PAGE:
nearly half the world lived in “extreme poverty,” that is, consuming
less than the basic necessities, which the World Bank values at $1.90 a day in
2011 dollars, adjusted for the differing costs of goods and services between
countries. The proportion of people in extreme poverty was projected to fall to
an estimated 8.6% last year and, given the correlation between growth and
poverty, is almost certain to drop further this year.
alone cannot capture how much better life has gotten. “Nathan Rothschild
was surely the richest man in the world when he died in 1836,” economists
Max Roser and Esteban Ortiz-Ospina wrote in 2017. “But the cause of his
death was an infection—a condition that can now be treated with antibiotics
sold for less than a couple of cents. Today, only the very poorest people in
the world would die in the way that the richest man of the 19th century
Mr. Roser is the
founder of Our World in Data, a website that tracks the evolution of human
welfare over the last few centuries. Scroll through the charts, articles and
data sets, and you will be stunned by how much better life has become in just
the last few decades: Child mortality, illiteracy and deaths from violence have
all plummeted, and life expectancy has gone up.
The world first
eradicated a disease, smallpox, in 1980. It could soon eradicate a few more:
2016 saw just 46 new cases of paralytic polio recorded; in 2017, there were
just 25 new infections of Guinea worm, a painful and disabling parasitic infection.
These victories come not through laboratory breakthroughs but the meticulous
application of tried-and-true tools, such as vaccination and improved
Much of the decline
in poverty happened in China, where per-person income has risen 25-fold since
China’s then-leader Deng Xiaoping inaugurated its economic reforms in 1978.
India’s economy, though, is now growing faster than China’s. If India can
maintain its pace, the impact on human well-being will be just as momentous,
given that India’s population should soon pass China’s.
As with disease,
poverty is being eradicated not through technological miracles but basic rules
of growth: Invest more in your human and physical capital, open yourself to
markets and trade—that’s right, globalization is good—and incomes will rise.
Allow this growth
to continue long enough, and something else momentous happens. As of September,
more than half the world—3.8 billion people—are middle-class or rich, Homi
Kharas of the Brookings Institution and Kristofer Hamel of World Data Lab
found. They define middle class as consuming between $11 and $110 a day, in
2011 dollars adjusted for varying costs between countries. At this level,
households devote ever more of their incomes to discretionary items such as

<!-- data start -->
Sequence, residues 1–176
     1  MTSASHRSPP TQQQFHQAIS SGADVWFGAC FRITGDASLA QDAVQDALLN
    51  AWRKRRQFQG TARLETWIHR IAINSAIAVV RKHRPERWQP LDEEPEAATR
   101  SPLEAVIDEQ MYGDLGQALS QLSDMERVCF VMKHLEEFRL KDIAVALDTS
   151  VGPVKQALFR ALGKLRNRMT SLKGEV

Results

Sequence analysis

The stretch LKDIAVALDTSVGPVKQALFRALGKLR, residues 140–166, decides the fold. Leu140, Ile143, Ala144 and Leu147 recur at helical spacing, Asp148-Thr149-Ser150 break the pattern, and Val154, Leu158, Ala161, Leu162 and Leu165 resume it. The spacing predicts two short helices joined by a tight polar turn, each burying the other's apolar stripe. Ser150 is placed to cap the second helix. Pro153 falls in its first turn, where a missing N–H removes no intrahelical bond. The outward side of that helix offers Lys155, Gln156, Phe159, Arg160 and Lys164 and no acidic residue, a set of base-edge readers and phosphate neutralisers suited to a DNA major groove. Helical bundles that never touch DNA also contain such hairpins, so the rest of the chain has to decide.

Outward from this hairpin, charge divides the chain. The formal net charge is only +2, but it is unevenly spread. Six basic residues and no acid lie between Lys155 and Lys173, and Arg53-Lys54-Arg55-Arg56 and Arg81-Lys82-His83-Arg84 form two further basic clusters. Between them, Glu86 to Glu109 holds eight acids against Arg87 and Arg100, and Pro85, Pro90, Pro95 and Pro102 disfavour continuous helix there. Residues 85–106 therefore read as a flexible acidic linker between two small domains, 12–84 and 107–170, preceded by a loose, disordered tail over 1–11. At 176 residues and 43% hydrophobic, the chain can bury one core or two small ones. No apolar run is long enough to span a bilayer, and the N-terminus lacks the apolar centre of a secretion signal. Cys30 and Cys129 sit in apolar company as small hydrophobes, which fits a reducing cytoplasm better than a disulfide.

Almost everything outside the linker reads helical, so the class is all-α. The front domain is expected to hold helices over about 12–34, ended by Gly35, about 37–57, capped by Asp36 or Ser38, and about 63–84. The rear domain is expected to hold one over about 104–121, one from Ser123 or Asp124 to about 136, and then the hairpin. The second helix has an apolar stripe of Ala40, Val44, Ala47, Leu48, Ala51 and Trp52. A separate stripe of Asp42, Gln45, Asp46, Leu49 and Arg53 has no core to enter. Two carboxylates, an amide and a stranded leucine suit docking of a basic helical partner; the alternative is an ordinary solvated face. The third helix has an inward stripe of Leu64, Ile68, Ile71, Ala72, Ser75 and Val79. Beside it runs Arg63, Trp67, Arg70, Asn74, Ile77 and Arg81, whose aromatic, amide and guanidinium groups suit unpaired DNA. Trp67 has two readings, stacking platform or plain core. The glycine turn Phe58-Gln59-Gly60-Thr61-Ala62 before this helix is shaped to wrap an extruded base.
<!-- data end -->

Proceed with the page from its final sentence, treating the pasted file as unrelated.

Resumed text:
motorcycles, refrigerators, movies or vacations.
well-being aren’t the same, but Mr. Kharas and Mr. Hamel note that moving from
poor to middle class does correspond to a big jump in happiness and much
greater demands on governments to deliver affordable housing, education, health
care and safety.
If the world is
getting so much better, why does everyone seem so miserable? Perhaps because in
the U.S., life is improving more slowly than in poorer countries, and in some
places it is getting worse. Yet for most Americans, life is getting better: Median
incomes are rising, average health is improving, and violent crime, divorce and
teen pregnancy are all trending down.
Perhaps it also
feels irresponsible to celebrate the many ways the world is quietly getting
better because it distracts from the fight against things that are loudly
getting worse: polarized and authoritarian politics, deadly opioids, nuclear
proliferation, and most of all, a warming climate—a consequence of all those
new middle-class entrants burning fossil fuels.
Yet obsessing over such
perils is how we’ll likely solve them. Take global warming: Public concern over
climate change is rising in the wake of wildfires and floods. Some media
reports last year made much of a federal assessment that a warming climate
could leave the U.S. economy 10% smaller by 2100.
First, note that if
growth continues at 2%, gross domestic product would be 350% bigger by 2100, as
opposed to 400%. Second, only one study is that dire: The consensus is more
like a 5% hit, not 10%.
More important, the
policy tools and technology exist to avoid those worst-case scenarios at a
price considerably less than 5% of GDP; we only need the political will to
apply them. Today that political will looks remote. But in 1980, the prospect